UK: End of an era for Cuckoo trail rationalizations of overly-chainsawed management

The district council said management of the woodland on the Cuckoo
Trail, which runs from Heathfield to Eastbourne Park, was essential to
preserve it. But residents, who said they were devastated, have
started a petition to get the work stopped. “It is far, far, too
drastic,” said spokesman Gary Paton. “People have no problem with
management, but what we are witnessing, particularly at the Heathfield
end, is actually destruction.”

Get full text; support writer, producer of the words:
http://news.bbc.co.uk/2/hi/uk_news/england/sussex/7894425.stm

“The habitat is what the Cuckoo Trail is all about,” he said. “The
beautiful trees form the canopy of the trail. “Any wildlife that might
have been at the Heathfield end will have disappeared, probably for
many years, as a result of the sound of the chainsaws.”

The trail, which forms part of the national cycle network, follows the former
Cuckoo Line railway and passes through Horam, Hailsham and Polegate.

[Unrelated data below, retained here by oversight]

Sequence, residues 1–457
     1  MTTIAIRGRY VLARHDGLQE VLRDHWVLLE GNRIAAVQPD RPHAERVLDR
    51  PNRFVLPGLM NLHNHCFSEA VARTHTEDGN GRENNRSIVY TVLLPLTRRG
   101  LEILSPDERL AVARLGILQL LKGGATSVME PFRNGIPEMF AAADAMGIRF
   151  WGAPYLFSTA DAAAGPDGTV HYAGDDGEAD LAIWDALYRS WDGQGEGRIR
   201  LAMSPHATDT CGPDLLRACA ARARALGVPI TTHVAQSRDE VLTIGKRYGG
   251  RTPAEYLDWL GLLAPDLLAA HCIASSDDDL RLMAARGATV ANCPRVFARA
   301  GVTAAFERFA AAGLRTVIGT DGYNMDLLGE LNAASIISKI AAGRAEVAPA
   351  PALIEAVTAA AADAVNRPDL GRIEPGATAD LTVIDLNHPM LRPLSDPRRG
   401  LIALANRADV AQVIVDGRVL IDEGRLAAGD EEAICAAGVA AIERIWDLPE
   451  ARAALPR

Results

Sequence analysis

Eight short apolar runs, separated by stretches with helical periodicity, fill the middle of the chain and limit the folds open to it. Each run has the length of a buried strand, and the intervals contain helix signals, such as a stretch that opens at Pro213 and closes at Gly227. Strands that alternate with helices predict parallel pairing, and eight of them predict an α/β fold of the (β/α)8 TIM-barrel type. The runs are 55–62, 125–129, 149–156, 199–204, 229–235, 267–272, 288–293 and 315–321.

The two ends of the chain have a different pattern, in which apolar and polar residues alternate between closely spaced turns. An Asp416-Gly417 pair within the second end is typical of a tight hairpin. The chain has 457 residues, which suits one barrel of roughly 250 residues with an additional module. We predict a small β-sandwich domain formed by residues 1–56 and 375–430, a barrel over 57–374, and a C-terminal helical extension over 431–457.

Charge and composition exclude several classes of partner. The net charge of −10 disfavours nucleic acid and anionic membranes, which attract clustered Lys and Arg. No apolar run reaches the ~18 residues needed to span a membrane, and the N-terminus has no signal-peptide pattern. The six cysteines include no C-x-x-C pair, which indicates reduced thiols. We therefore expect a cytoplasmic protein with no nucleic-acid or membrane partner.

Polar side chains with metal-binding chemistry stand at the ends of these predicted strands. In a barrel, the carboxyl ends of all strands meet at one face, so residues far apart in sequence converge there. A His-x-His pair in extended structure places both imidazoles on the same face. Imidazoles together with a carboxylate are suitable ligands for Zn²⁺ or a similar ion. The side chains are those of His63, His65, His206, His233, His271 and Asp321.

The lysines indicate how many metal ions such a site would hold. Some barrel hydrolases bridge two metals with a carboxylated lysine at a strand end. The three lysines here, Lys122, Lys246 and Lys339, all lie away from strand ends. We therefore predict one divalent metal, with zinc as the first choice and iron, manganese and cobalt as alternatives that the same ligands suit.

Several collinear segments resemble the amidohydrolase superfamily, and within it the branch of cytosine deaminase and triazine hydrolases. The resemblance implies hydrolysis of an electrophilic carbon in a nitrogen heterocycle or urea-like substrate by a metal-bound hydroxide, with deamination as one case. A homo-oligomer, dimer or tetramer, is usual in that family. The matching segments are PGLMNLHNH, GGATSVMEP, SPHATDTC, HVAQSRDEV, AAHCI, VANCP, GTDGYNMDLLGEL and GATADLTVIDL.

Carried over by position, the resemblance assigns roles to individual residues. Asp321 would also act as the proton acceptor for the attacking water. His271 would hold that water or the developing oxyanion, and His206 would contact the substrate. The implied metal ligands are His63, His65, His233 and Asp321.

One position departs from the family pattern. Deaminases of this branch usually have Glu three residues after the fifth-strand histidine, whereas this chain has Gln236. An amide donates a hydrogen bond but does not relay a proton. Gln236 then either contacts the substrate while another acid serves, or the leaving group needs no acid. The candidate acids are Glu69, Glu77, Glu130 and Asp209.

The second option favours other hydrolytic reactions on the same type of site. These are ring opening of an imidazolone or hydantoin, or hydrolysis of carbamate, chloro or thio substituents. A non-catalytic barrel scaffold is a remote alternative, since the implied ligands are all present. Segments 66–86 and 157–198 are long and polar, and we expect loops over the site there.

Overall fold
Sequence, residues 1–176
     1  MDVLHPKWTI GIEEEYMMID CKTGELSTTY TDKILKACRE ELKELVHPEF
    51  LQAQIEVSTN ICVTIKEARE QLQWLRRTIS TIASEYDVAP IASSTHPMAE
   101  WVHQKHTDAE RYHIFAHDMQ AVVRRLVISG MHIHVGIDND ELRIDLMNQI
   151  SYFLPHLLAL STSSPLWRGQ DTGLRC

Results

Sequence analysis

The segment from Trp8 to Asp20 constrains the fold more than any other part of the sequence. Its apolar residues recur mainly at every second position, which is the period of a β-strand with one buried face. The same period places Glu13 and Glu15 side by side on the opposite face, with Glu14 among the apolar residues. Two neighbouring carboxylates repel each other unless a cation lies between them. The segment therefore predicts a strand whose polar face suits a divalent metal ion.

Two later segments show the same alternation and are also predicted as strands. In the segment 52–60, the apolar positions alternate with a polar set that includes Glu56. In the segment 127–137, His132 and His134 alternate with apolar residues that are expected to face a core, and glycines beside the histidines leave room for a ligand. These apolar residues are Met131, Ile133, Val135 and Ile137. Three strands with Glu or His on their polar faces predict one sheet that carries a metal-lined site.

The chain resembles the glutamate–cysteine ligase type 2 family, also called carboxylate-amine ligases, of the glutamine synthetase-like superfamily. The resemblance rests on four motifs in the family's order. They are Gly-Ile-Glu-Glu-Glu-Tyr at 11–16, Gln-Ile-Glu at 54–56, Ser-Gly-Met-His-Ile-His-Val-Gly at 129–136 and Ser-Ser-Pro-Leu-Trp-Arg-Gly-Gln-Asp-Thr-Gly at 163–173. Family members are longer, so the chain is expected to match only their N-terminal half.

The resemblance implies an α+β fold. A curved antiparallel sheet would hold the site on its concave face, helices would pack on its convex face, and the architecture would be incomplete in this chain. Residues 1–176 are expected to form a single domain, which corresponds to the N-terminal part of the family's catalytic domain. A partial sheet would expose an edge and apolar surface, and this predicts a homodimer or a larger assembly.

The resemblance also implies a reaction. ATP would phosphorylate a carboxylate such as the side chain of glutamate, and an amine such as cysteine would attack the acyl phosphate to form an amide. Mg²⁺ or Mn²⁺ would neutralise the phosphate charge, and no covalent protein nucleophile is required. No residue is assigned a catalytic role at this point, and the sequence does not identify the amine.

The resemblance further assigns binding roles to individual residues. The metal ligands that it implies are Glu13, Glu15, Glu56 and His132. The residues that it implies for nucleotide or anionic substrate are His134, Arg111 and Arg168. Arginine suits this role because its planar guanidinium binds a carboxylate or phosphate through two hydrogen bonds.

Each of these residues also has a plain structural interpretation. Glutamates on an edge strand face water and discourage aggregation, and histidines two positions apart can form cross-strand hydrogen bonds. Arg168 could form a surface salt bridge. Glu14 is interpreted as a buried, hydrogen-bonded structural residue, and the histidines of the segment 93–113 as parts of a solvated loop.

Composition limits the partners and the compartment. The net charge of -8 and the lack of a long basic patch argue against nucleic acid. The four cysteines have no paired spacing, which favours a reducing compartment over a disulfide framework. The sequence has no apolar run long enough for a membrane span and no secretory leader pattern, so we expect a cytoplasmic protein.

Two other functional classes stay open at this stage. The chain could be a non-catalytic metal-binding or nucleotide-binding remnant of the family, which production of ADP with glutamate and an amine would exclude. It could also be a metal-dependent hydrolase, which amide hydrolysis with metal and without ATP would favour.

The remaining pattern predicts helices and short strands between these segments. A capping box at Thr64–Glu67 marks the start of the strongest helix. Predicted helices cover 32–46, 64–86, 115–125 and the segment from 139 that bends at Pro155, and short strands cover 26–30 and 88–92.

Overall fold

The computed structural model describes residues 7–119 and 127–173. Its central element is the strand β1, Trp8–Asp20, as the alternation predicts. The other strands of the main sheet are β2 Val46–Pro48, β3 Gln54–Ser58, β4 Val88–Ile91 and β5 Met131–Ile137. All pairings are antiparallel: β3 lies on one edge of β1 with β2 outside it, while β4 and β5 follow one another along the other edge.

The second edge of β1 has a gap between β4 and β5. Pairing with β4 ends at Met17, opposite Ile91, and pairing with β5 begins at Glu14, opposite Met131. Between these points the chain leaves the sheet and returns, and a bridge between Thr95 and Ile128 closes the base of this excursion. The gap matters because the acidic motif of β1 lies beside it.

The railway was known as the Cuckoo Line because traditionally, the
first cuckoo of spring was released from a cage at Heathfield Fair.

The line was axed under the Beeching cuts and closed in 1968. Wealden
District Council said it had been carrying out tree thinning and
coppicing for the past six years with its partner, East Sussex County
Council. “The trees now standing have grown up as self-seeded
specimens since the railway closed,” it said in a statement.

“Overhanging trees cause the trail to lie wet for long periods with
consequent problems with leaves and ice. “We also receive some
complaints from neighbouring landowners about the danger of falling
timber, interference with TV signals and the loss of daylight to their
property due to tree cover.

Get full text; support writer, producer of the words:
http://news.bbc.co.uk/2/hi/uk_news/england/sussex/7894425.stm

Leave a comment

Your comment